La verdad es que en numerosas ocasiones he podido comprobar cómo dicha afirmación se ha hecho realidad en numerosos sectores, con innumerables marcas desposicionadas en el camino…

Y el otro día, viendo la nueva campaña de Mc Donalds en televisión, no pude evitar recordar esta afirmación… Así, si entramos en la página web de Mc Donalds, amén de las inevitables promociones de venta y de precio, encontramos sorprendentemente este COMPROMISO DE 13 PUNTOS:

01.  Que el 75% DE NUESTRA COMPRA PROCEDA DE PROVEEDORES ESPAÑOLES.

02.  Que nuestra carne 100% VACUNO PROVENGA EN SU MAYORIA DE GANADERÍAS ESPAÑOLAS. Actualmente nos suministran más de 30.000.

03. Invertir en la apertura de más de 60 NUEVOS RESTAURANTES en los próximos 3 años con una INVERSIÓN CERCANA A 160 MILLONES DE EUROS.

04.  Incentivar la AGRICULTURA LOCAL, INCREMENTANDO la compra de fruta y verdura procedente principalmente de la HUERTA ESPAÑOLA.

05.  Seguir aplicando voluntariamente CERTIFICACIONES EXTERNAS como la Q de Calidad, que avalen la gestión de calidad que ofrecemos en nuestros restaurantes.

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06. Generar 3.000 NUEVOS PUESTOS DE TRABAJO en 3 años que se sumarán a los más de 22.000 EMPLEOS ACTUALES.

07. Fomentar la ESTABILIDAD EN EL EMPLEO, mediante el mantenimiento de un 90% de nuestra contratación INDEFINIDA en las plantillas de nuestros RESTAURANTES.

08. Desarrollar profesionalmente a NUESTROS EMPLEADOS, para facilitar su PROMOCIÓN LABORAL. EL 100% de la GERENCIA de nuestros restaurantes procede de PROMOCIÓN INTERNA.

09. Apostar por la CONCILIACIÓN LABORAL Y PERSONAL y la IGUALDAD DE OPORTUNIDADES PARA TODOS NUESTROS EMPLEADOS, que nos ha sido reconocida por el certificado de Empresa Familiarmente Responsable (EFR ®).

10. Ayudar y acoger a FAMILIAS CON NIÑOS ENFERMOS construyendo dos nuevas CASAS RONALD McDONALD en España que se sumarán a las ya existentes en BARCELONA Y MÁLAGA, lo que permitirá cubrir la demanda de unas 1.000 familias anualmente.

11. Seguir apoyando a la FUNDACIÓN INFANTIL RONALD McDONALD® con una aportación mínima anual de 1 MILLÓN DE EUROS para contribuir al bienestar de los niños y sus familias.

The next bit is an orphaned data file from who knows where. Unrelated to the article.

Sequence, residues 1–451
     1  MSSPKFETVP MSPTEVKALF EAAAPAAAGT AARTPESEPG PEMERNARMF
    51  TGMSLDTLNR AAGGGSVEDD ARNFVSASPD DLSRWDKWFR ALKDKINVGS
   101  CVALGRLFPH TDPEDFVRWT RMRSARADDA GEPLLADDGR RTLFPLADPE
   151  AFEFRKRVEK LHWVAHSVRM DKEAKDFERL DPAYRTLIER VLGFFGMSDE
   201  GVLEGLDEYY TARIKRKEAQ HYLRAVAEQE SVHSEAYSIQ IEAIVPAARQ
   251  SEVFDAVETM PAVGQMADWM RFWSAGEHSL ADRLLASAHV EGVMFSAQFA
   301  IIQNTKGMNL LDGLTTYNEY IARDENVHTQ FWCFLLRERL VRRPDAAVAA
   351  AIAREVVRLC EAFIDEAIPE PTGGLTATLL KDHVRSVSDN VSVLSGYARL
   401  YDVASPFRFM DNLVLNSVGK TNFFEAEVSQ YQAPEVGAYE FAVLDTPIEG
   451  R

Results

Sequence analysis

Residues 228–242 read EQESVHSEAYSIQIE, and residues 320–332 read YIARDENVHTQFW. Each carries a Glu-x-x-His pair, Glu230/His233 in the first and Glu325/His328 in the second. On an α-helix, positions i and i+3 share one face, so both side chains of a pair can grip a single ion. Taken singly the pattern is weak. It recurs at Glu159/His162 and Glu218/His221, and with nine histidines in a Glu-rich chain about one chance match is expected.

12. Comunicar y continuar trabajando en el PERFIL NUTRICIONAL DE NUESTROS PRODUCTOS, teniendo como objetivo REDUCIR SAL, GRASAS Y AZÚCARES.

13. Fomentar el CONSUMO DE FRUTAS Y VERDURAS, a través de nuestras CAMPAÑAS DE TELEVISIÓN dirigidas a niños.

Un enfoque arriesgado pero inteligente, con el que tratan de quitarse la imagen de “comida chatarra”  y demás apelativos con los que normalmente se asocia a la cadena americana. Vamos, campaña de Branding con efectos a medio – largo plazo, en medio de una crisis sin paliativos y enfoques a corto…

Enfoque que, como os imagináis, contrasta al 100% con el de BURGER KING que, ante tal declaración de intenciones lo tiene claro: Carne, carne y más carne . Que si Whopper triple, que si Whopper en todas las varidades , que si Menú Burger King XXL, …Back to basics en toda regla (back to carne en este caso), aprovechando el devaneo de la competencia…

Dicho lo cual, you make your choice:  “EL SABOR DEL KING” de Burger King o “COMPARTIMOS MAS DE LO QUE IMAGINAS” DE Mc Donalds. ¡Lo que quieras!, pero en un extremo…

 

¿Y el resto? No lo sé la verdad. Hace ya tiempo que no sabemos de Wendys y semejantes…

 

Espero vuestros comentarios en @ieweblog o en @ignaciogafo.

 

THINK DIFFERENT!!!

 

Ignacio Gafo

16
Sep

I-PHONE 5: EVOLUTION OR REGRESSION?

Written on September 16, 2012 by Ignacio Gafo in Branding, Innovation, International Marketing

The I-Phone 5 was just launched some days ago, and this time I decided hold on to my thoughts and start analyzing the market reaction. Interestingly, when reading the opinion of different specialized media, all experts seem to agree with the headlines from The Guardian: “Apple’s iPhone 5 is brilliant – but not best in class“.

This is indeed a very interesting statement, considering that objectively speaking, the new model incorporates a big deal of new functionalities and improvements:

 

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Among others: Improved phone design (larger screen, thinnier, less weight), better performance (much better processor), functionalities (such as new software for pictures)  and updated operating system (new one incorporated).

SO WHAT IS GOING ON HERE?

Is it that the product was not properly introduced by Tim Cook?